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BIZZARO
Phillip Alder
singleton spade, and he
was too strong to pass.
North, knowing his
partner had at least five
hearts, jumped to game.
First, East should
check the points -- a
theme of all deals.
Dummy has 19, East
holds 11, and South
promised 10. So, West’s
main job is to
avoid reneging!
Second, East
can see only
two defensive
tricks: his aces.
He must hope
partner has led a
singleton.
Third, East
wins with his
club ace and
carefully returns the jack,
his highest-remaining club
being a suit-preference signal for
spades, the higher-ranking of the
other two side
suits. West ruffs
the trick and
shifts to a spade.
Now East must complete
his job by winning with
the ace and leading a low
club. When West ruffs
with his second heart,
it uppercuts the dummy
and promotes a trump
trick for East’s queen
-- the fourth defensive
trick.
PICKLES
B8
THE SHERIDAN PRESS
www.thesheridanpress.com
WEDNESDAY, AUGUST 10, 2016
Gymnasts, Phelps, Ledecky all golden again
BY GENARO C. ARMAS
AP SPORTS WRITER
RIO DE JANEIRO (AP) —
Good old Michael Phelps,
golden again.
For teenagers Katie
Ledecky and Simone Biles,
their star turns in the
Summer Olympics might be
just beginning.
From the pool to the gymnastics floor, Team USA
had nice day at the Rio de
Janeiro Games.
Not all the American stars
were winners Tuesday,
though. Serena Williams
lost on the tennis court and
the U.S. women’s soccer
team gave up a late goal and
ended up in a draw with
Colombia.
But a new generation of
U.S. athletes is ready to take
up the banner of Olympic
standard-bearer from
Phelps, a grizzled veteran
at 31.
Phelps earned his 20th
career gold medal after taking the 200-meter butterfly.
He erased the bad memories
from his loss in the same
race in London to South
African Chad le Clos.
Phelps got off to a rousing
start at the Rio Games by
leading his 4x100 freestyle
team to the gold medal on
Sunday.
On Tuesday, Phelps’ face
bared a familiar scowl as he
walked out on to the deck.
He held off Japan’s Masato
Sakai by four-hundredths
of a second, with Hungary’s
Tamas Kenderesi taking the
bronze. His 21st gold came
later Tuesday night after
swimming the anchor leg on
the 4x200-meter relay.
Ledecky strode atop the
medal podium again with
a bright smile after taking gold for winning the
200-meter freestyle. Sarah
Sjostrom of Sweden claimed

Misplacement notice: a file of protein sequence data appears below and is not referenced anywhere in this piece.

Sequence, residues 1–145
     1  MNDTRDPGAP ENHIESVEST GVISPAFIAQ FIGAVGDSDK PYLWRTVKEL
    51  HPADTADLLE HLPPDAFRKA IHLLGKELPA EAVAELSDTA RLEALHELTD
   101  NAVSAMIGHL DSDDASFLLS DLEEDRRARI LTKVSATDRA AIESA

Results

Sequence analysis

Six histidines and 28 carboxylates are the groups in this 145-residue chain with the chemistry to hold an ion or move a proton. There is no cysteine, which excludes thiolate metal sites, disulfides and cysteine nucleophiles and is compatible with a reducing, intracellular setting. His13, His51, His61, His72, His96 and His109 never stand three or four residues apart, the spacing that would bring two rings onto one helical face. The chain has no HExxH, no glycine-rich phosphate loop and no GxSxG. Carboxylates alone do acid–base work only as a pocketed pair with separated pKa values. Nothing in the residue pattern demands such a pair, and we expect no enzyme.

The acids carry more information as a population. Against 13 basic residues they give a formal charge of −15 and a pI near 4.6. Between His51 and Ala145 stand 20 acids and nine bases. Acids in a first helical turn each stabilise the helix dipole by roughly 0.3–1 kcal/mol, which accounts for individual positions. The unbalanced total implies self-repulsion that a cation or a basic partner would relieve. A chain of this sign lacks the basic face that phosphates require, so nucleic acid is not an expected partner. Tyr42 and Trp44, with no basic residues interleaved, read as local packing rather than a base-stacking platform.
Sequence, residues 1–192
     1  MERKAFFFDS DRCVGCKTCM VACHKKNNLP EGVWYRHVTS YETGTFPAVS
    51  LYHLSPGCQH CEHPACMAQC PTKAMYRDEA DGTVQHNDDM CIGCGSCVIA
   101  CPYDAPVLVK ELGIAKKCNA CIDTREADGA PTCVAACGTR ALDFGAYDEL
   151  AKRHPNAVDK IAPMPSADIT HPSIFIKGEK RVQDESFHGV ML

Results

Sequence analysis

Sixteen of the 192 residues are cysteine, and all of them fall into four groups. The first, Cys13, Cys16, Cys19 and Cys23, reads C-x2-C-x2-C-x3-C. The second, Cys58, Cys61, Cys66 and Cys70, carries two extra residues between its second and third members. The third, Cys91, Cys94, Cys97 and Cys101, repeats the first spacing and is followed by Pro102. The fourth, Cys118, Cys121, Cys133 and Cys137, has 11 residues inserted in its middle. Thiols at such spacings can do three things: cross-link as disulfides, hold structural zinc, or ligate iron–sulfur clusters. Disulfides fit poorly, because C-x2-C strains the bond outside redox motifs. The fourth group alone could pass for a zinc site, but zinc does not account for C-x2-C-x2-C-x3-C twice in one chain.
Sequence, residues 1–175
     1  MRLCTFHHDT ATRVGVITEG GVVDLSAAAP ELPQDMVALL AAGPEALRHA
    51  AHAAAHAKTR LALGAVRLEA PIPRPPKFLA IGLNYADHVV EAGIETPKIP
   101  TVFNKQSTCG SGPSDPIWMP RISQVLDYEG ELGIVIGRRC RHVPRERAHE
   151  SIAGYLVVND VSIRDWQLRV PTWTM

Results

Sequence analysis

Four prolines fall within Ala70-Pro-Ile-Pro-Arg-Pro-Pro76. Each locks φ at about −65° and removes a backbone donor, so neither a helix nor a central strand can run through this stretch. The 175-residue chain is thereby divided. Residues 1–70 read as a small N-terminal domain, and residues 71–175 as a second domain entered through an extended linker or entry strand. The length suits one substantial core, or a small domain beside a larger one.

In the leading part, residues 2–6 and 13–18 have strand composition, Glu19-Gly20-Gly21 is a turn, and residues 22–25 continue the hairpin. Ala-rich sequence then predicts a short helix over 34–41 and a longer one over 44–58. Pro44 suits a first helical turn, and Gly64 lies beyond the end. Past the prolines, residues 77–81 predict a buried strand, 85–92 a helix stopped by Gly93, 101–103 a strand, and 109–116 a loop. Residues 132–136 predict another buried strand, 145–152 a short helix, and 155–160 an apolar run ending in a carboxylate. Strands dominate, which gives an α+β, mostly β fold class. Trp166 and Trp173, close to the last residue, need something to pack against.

the silver and Emma
McKeon of Australia took
the bronze.
Ledecky, just 19, won her
second gold. At this pace,
she could challenge Phelps’
medal haul someday.
At the other end of
Olympic Park, the U.S.
women’s gymnastics team
captured a second straight
gold with a high-flying and
dominating performance.
The triumph was never in
doubt, their score of 184.897
at the Rio Games was more
than eight points clear
of the field. The day was
capped by the 19-year-old
Biles, a fan favorite, whose
boundary-pushing floor
exercise showed just how
far ahead they are of everyone else.
Biles, Lauren Hernandez,
Gabby Douglas, Madison
Kocian and Aly Raisman
also gave retiring national
team coordinator Martha
Karolyi a fitting send off
with powerful performances
on all the apparatuses.
The golden girls dubbed
themselves “The Final
Five” in honor of Karolyi’s
retirement at the end of the
Olympics and the fact that
the format is changing for
Tokyo in 2020 so that only
four team members will
take part in the team competition.
The normally stern
Karolyi broke down in tears
when she was told of the
nickname the team adopted.
“I think at this moment
we can say that that the
United States dominates
the world of gymnastics,”
Karolyi said.
Russia took the silver
medal and China earned
bronze.
Other highlights from Day
4 at the Rio Games:
MURKY POOL : At Maria
Lenk Aquatics Center, there
was more buzz over the
color of the water than the
diving competition. It had
turned a murky green since
Monday night’s events.
Chen Ruolin and Liu Huixia
didn’t seem to care about
the color. They won the
women’s 10-meter synchronized platform title to make
China 3-for-3 in the competition so far.
SOUR SERENA : Williams
shanked shots all over the
court in getting upset by
Elina Svitolina of Ukraine.
The top-ranked American
won’t get a chance to defend
the gold she won in London.
Williams looked out of sorts
and irritated, accumulating 37 unforced errors. She
had five double-faults in
one game alone in the 6-4,
6-3 loss to the 20th-ranked
Svitolina. Williams wiped
her forehead, picked up
her rackets and headed
back quickly to the locker
room. Svitolina, who had
never before played in an
Olympics, smiled and stuck
her arms out in front of her,
palms up, as if waking up
from a dream.
ON THE PITCH : Catalina
Usme beat U.S. goalie Hope
Solo on a pair of free kicks
to draw Colombia to a 2-2
tie with the United States.
The first, in the 26th minute, was Colombia’s first
ever Olympic goal, and first
ever goal against the United
States. Team USA still
emerged at the top of Group
G of the women’s soccer
tournament and will play in
the quarterfinals.
Host country Brazil played
to a 0-0 draw with South
Africa. The Brazilians had
already secured a spot in
the women’s soccer quarterfinals before their match.
The team and star Marta
have drawn more attention
while Brazil’s men have
struggled at the Olympics.
The women’s team will face
Australia in a quarterfinal
match on Friday.
MEDAL STRIPPED : A
Ukrainian javelin thrower
was stripped of his silver
medal from the 2012 London